And of course things can be predicted based off of certain numbers in and outside of baseball. These types of things are why the Red Sox have become such a power house since the new ownership has been put into place.

there is a difference between making good contact and no contact. Especially earlier this season when people were making contact they were creaming him.

Gigantes4Life
06-29-2009, 01:05 AM
Yet people are hitting Beckett harder than they are hitting Lester.

C1Bman88
06-29-2009, 01:35 AM
yes i do whether "luckier" or not beckett has outproduced lester.

You're giving me a headache. Please, for the love of God, use some analysis instead of using the ERA argument. This isn't the main MLB forum. This is the Sabermetrics forum.

Zep
06-29-2009, 08:56 AM
there is a difference between making good contact and no contact. Especially earlier this season when people were making contact they were creaming him.

Just out of honest curiosity, did you read his entire post, or just the first sentence?

quiksilver2491
06-29-2009, 04:48 PM
tRA doesnt really show how a pitcher has produced. It just shows really what was supposed to happen or expected to happen.

How many times does someone have to explain this concept for you to comprehend this? BB data is based off events of actual baseball games in real life....it isn't some made up statistic that just pulls numbers out of mid air.

Seamhead
06-29-2009, 06:16 PM
papipapsmanny thinks tRA is based off of Baseball Mogul.

C1Bman88
06-29-2009, 08:05 PM
How many times does someone have to explain this concept for you to comprehend this? BB data is based off events of actual baseball games in real life....it isn't some made up statistic that just pulls numbers out of mid air.

For all the times we've tried to explain DIPS to him, he can't seem to wrap his head around it. It's one thing to dislike DIPS, but it's another thing entirely to dismiss it simply because one can't understand it.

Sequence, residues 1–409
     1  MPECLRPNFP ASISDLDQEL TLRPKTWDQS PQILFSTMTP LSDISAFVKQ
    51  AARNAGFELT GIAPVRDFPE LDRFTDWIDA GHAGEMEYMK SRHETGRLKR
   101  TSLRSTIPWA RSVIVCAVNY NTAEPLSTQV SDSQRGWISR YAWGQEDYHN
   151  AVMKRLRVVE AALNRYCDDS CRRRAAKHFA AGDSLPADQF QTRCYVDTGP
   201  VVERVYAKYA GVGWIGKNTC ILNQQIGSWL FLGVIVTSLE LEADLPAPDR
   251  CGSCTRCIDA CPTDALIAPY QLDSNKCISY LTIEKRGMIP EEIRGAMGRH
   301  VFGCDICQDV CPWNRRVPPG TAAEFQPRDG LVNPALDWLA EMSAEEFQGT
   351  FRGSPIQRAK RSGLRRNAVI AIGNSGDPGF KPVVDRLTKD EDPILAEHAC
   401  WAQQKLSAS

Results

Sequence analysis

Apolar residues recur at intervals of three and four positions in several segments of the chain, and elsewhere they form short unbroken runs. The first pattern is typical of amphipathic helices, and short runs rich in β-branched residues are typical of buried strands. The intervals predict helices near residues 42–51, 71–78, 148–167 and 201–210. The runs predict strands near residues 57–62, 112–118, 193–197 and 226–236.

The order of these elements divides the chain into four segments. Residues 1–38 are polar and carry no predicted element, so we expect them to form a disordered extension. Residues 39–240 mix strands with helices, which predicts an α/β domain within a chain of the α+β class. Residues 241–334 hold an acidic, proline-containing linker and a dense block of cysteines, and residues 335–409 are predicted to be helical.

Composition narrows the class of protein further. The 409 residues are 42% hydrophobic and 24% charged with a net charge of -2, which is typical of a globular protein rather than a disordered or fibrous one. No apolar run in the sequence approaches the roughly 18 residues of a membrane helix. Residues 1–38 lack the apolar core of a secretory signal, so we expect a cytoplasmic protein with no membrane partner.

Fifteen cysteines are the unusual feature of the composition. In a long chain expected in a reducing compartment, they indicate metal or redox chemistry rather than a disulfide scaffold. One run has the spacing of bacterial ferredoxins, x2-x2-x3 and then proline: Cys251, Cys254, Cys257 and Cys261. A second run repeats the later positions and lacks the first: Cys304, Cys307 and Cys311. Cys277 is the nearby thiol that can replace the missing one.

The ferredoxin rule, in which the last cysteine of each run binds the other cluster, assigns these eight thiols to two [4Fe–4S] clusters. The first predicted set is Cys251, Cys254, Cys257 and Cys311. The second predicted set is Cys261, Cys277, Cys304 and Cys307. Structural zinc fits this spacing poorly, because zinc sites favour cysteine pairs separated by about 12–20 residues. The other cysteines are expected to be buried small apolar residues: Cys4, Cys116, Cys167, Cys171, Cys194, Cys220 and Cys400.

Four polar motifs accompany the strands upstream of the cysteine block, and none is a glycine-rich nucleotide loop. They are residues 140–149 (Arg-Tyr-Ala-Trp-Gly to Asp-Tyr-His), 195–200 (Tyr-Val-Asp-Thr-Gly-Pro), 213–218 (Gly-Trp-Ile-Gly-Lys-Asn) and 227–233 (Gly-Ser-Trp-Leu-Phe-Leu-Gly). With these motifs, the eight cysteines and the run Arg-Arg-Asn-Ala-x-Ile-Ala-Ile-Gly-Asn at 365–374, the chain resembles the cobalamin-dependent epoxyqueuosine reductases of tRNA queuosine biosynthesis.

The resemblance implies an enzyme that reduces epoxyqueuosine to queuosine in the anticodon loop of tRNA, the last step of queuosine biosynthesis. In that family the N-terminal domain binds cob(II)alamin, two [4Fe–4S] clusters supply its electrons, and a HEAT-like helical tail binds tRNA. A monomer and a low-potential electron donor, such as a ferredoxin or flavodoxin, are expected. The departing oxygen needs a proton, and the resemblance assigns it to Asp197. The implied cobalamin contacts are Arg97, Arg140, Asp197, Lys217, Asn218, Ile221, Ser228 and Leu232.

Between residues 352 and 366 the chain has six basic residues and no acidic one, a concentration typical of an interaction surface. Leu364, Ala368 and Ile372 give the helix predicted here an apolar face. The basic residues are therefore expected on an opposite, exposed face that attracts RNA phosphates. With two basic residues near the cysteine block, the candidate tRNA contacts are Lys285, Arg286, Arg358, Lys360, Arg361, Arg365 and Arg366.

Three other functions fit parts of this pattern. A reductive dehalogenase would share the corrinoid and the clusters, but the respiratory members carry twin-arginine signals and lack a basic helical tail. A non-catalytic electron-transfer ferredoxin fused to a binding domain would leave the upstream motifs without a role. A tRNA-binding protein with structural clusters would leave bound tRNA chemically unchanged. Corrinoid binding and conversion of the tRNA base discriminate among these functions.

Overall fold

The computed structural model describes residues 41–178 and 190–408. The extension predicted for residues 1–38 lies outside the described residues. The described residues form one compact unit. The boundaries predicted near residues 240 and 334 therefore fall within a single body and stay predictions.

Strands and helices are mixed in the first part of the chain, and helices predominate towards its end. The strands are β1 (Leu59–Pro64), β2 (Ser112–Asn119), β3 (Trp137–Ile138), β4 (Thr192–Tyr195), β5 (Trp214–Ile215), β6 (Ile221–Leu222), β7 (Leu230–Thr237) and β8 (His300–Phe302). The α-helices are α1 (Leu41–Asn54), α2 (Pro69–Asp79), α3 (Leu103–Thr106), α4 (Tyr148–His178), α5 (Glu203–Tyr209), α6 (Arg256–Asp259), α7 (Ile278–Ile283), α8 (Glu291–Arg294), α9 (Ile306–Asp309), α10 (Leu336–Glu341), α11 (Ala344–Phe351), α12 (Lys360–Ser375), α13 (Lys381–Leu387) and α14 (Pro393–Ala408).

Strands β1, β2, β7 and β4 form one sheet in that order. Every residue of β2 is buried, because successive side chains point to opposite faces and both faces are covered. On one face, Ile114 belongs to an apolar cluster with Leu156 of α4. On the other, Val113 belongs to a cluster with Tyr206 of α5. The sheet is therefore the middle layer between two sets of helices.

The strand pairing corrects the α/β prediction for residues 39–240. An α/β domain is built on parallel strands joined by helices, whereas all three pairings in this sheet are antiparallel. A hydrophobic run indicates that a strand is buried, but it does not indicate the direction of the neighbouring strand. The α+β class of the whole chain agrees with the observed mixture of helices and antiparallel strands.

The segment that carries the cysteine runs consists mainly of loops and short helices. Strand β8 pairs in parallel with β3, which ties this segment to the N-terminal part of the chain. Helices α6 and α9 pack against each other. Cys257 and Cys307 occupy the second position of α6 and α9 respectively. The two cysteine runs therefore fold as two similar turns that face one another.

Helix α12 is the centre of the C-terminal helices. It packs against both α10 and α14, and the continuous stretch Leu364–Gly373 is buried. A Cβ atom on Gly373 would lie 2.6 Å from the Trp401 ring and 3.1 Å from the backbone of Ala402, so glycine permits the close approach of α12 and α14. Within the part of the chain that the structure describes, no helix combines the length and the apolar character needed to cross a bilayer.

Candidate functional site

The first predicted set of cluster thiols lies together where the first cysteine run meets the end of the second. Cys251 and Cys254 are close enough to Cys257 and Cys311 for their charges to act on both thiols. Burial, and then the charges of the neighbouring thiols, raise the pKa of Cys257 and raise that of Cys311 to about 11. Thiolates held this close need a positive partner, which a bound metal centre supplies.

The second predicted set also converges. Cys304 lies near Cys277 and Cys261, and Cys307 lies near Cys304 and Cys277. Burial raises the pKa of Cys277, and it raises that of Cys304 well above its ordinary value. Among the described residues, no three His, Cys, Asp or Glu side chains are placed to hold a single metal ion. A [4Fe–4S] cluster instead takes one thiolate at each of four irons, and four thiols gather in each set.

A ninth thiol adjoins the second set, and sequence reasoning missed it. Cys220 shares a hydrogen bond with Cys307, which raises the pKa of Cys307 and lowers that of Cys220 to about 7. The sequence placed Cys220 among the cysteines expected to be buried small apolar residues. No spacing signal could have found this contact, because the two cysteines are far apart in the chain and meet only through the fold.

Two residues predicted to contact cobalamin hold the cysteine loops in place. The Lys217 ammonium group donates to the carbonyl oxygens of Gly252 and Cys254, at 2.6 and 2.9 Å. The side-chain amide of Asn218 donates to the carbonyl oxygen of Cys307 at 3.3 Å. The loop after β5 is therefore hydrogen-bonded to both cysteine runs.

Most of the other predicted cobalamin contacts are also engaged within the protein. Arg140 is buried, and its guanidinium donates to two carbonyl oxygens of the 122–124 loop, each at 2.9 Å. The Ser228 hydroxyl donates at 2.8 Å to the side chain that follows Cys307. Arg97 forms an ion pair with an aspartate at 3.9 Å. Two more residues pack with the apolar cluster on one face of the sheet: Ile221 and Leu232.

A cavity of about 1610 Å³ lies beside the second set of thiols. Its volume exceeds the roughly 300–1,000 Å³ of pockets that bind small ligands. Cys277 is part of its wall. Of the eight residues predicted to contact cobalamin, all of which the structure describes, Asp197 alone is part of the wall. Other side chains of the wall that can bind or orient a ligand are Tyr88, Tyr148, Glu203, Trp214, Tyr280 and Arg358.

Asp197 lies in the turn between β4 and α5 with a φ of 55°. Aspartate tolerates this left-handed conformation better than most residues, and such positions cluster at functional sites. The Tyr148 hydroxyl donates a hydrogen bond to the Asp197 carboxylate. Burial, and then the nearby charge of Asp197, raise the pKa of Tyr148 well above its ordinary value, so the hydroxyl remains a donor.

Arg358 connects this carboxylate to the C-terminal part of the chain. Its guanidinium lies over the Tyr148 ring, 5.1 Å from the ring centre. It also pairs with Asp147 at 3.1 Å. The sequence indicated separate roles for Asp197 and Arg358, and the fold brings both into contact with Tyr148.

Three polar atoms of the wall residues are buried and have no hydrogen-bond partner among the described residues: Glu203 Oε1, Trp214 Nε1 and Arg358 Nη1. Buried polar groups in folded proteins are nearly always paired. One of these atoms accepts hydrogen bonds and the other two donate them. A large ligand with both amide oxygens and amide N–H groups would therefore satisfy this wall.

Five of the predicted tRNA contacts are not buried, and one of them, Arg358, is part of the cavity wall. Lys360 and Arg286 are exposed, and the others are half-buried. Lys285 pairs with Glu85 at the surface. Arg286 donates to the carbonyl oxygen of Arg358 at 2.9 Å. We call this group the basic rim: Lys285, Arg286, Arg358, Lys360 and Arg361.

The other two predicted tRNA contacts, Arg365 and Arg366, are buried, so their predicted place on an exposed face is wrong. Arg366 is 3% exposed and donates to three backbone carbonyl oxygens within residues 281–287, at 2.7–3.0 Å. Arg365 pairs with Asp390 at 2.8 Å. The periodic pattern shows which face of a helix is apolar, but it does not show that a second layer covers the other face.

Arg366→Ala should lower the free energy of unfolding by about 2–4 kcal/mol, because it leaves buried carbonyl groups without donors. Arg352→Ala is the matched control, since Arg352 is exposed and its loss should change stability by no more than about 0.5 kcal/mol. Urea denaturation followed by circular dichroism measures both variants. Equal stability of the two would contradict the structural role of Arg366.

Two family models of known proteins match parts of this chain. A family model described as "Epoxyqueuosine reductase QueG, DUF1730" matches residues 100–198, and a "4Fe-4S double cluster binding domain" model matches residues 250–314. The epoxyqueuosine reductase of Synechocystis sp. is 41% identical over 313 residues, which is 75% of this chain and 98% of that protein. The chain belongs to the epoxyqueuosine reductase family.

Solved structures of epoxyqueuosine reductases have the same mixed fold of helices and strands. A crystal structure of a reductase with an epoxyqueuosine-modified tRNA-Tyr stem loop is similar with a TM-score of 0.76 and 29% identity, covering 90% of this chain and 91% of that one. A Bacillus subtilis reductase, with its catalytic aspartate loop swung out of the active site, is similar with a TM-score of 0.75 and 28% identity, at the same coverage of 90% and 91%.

papipapsmanny
06-29-2009, 09:01 PM
How many times does someone have to explain this concept for you to comprehend this? BB data is based off events of actual baseball games in real life....it isn't some made up statistic that just pulls numbers out of mid air.

I didnt say it was....

i used to think that but not anymore

papipapsmanny
06-29-2009, 09:20 PM
For all the times we've tried to explain DIPS to him, he can't seem to wrap his head around it. It's one thing to dislike DIPS, but it's another thing entirely to dismiss it simply because one can't understand it.

how am i dismissing it?

Im saying I don't think it is too great of a stat to use within specific seasons. As in Ill tak a lucky beckett for the season if is ERA is going to be 3 and Lester's is going to be 5. Lucky or not I rather have the 3.00 ERA. I think it is great when you are trading for pitchers, and see where the pitcher's production level should be out, and you can see if the pitcher should regress or improve. And I also think it is great for signing pitchers for the reason I just posted.

And Yes I completely understand it, its not hard to understand.

Gigantes4Life
06-29-2009, 11:56 PM
how am i dismissing it?

Im saying I don't think it is too great of a stat to use within specific seasons. As in Ill tak a lucky beckett for the season if is ERA is going to be 3 and Lester's is going to be 5. Lucky or not I rather have the 3.00 ERA. I think it is great when you are trading for pitchers, and see where the pitcher's production level should be out, and you can see if the pitcher should regress or improve. And I also think it is great for signing pitchers for the reason I just posted.

And Yes I completely understand it, its not hard to understand.

OK, but the point is that Lester has pitched better, not that he's had better results.

Rylinkus
06-30-2009, 08:19 AM
OK, but the point is that Lester has pitched better, not that he's had better results.

Which would meaning going forward he's more likely to have equal or better success than Beckett.

Gigantes4Life